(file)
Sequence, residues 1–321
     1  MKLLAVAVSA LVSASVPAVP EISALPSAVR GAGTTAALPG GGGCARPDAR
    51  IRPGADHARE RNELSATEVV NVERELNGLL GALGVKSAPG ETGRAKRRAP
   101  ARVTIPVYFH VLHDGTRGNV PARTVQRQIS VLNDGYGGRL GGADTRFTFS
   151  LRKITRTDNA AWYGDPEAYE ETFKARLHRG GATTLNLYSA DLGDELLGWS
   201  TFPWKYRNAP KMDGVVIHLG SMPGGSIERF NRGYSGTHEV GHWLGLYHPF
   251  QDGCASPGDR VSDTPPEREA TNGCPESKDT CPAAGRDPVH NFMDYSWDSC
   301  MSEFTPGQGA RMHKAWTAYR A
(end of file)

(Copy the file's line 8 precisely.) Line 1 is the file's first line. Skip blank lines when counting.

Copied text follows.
   301  MSEFTPGQGA RMHKAWTAYR A